Hundreds of journalists risk losing their White House press pass under a newly announced White House policy, though most would still be able to cover the West Wing.
The policy, included in a weekend email to reporters by White House press secretary Sarah Sanders, would limit the number of people who can easily breeze past Secret Service to cover the White House in person on a moment’s notice.
Sanders wrote that annual renewal processes for the badge, known as a “hard pass,” would include reviewing of electronic records to ensure reporters visited the White House on 50 percent of days — something few do.
“A hard pass will not be renewed for any journalist whose badge-in records show that he or she was not present in the complex for at least 90 days in the 180-day window prior to expiration of the pass,” Sanders said, claiming discretion to exempt “senior journalists serving as bureau chiefs or in a similar capacity” and “to review special circumstances, such as maternity leave.”
Those without a hard pass must request a “day pass” beforehand, and then show a Secret Service agent a photo ID and press pass, as well as confirm their Social Security number. On days where there is a briefing or major event, the day pass line is clogged with confused newcomers, student journalists, and members of the foreign press.
The new announcement was coupled with directions to seek six-month “day pass” approval, available for journalists covering the White House 60 days in a 180-day period.
As laid forth in the email, the 50 percent rule doesn’t consider that reporters are often out for weekends, vacations, campaign-trail reporting, or presidential trips abroad. Many outlets, concerned journalists said, rotate reporters from the bureau to the White House to work from their small West Wing desks.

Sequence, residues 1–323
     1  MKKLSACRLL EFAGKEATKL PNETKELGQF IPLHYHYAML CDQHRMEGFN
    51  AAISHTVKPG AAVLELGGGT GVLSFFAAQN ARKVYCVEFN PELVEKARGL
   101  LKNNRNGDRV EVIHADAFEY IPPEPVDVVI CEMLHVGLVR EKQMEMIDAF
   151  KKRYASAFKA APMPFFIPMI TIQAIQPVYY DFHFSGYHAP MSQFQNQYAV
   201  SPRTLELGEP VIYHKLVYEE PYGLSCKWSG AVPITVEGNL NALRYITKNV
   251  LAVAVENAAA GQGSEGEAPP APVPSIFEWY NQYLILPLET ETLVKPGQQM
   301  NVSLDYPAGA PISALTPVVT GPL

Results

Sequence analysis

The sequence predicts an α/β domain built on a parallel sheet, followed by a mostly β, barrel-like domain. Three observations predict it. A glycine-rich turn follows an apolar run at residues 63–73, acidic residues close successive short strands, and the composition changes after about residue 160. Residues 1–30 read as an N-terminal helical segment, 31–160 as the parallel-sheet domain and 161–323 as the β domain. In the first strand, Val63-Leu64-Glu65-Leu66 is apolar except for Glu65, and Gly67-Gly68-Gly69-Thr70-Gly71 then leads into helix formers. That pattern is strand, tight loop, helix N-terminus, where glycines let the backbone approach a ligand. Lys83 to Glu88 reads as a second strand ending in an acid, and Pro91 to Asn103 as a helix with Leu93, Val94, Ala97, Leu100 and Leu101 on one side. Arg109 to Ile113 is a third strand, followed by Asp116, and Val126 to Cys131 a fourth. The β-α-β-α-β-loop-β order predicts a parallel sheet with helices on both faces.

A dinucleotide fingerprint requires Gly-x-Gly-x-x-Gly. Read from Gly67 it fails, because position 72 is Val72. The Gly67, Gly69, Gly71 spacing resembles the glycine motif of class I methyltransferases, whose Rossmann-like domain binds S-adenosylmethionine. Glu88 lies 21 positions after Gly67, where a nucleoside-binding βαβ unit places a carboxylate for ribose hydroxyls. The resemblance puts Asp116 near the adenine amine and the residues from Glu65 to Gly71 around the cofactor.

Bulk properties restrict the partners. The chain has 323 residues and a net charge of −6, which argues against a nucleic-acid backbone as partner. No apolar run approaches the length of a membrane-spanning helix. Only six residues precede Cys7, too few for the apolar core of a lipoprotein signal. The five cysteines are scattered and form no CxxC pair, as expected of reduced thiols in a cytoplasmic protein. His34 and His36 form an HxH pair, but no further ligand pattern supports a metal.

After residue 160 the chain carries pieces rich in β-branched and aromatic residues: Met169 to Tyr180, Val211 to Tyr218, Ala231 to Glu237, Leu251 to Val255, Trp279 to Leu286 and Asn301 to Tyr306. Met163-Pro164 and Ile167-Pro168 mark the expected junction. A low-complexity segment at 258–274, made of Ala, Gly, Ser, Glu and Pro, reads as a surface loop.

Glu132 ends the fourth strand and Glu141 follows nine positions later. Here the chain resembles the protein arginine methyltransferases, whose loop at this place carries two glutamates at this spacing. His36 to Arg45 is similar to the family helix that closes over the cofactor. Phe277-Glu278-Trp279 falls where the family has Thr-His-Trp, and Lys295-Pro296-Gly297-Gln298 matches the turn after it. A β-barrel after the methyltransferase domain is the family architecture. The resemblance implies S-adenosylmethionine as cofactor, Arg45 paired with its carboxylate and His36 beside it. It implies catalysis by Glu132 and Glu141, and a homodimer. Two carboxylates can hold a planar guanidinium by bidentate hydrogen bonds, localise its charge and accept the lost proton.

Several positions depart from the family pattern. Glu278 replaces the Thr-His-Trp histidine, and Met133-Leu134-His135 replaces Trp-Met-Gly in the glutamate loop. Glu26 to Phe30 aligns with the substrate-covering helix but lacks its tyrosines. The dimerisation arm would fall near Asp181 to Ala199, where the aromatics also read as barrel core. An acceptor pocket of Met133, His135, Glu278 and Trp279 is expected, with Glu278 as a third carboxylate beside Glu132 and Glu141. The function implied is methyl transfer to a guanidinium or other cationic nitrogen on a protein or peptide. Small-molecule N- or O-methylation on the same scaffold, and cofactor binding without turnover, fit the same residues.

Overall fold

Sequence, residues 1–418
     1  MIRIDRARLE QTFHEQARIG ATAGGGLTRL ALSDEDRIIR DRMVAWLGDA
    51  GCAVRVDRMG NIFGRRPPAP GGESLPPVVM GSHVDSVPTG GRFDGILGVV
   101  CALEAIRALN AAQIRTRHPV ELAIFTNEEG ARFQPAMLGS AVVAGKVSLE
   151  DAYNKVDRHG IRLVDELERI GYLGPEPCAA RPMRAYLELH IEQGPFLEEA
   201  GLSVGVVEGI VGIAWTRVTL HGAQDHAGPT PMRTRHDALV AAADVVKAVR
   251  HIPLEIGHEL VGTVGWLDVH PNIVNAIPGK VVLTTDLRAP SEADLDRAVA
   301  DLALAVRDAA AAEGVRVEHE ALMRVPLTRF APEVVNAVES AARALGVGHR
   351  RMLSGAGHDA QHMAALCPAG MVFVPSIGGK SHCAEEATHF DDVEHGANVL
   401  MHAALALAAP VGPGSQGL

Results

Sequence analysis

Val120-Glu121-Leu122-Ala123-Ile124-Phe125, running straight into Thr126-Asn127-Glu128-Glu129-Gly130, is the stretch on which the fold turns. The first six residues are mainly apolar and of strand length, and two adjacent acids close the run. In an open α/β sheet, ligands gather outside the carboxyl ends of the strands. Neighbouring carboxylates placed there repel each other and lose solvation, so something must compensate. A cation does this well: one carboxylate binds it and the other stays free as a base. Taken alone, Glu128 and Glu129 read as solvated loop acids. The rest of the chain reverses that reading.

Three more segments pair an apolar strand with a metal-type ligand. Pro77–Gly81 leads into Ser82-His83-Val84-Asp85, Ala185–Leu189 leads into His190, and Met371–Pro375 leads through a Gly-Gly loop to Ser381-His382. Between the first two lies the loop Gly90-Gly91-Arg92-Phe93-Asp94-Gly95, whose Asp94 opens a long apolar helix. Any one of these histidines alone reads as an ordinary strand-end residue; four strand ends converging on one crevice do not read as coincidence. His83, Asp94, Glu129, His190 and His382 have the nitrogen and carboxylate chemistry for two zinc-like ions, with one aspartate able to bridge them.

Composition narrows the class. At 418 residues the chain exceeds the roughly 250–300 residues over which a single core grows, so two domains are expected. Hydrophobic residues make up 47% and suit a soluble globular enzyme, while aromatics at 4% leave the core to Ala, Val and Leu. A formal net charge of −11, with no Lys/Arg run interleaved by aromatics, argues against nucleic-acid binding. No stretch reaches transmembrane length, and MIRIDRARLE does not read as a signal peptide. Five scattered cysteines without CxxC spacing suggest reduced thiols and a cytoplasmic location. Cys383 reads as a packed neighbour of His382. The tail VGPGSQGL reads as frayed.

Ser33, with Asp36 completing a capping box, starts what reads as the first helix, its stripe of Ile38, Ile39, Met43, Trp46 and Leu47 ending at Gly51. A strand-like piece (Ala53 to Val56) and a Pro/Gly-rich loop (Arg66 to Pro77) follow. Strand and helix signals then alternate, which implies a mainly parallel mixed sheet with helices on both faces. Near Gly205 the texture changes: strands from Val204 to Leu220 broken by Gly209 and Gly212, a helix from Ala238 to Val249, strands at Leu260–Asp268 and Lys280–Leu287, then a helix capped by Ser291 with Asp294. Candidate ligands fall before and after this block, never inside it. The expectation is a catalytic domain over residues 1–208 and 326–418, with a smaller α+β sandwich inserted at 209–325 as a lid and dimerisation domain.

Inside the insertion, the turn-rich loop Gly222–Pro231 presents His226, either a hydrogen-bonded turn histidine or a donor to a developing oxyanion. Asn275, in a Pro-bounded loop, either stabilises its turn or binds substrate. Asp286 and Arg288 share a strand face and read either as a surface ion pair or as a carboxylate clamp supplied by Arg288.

The 50 percent policy technically isn’t new. In February 2017, the White House sent guidance to bureau chiefs saying that “to obtain a hard pass, you must cover the White House at least 50% of the time.” But that communication wasn’t shared with all journalists and was not specific about how and whether the policy would be enforced.
The new guidance was the talk of White House workspaces Monday, with alarmed journalists saying strict enforcement could ensnare even reporters who regularly attend briefings and other events, giving Sanders leeway to decide who keeps their pass.
“My inbox is clogged with questions and concerns from members of the press corps who cover the White House all the time and are certain they would not meet the threshold described in this policy,” said Todd Gillman, a White House Correspondents’ Association board member.
“The concerns are pretty much universal in the press corps,” said Gillman, Washington bureau chief of The Dallas Morning News. “As far as I can tell, most reporters would be at risk of losing their hard passes and with that, the ability to cover news on short notice — and short notice is a staple of the White House beat.”
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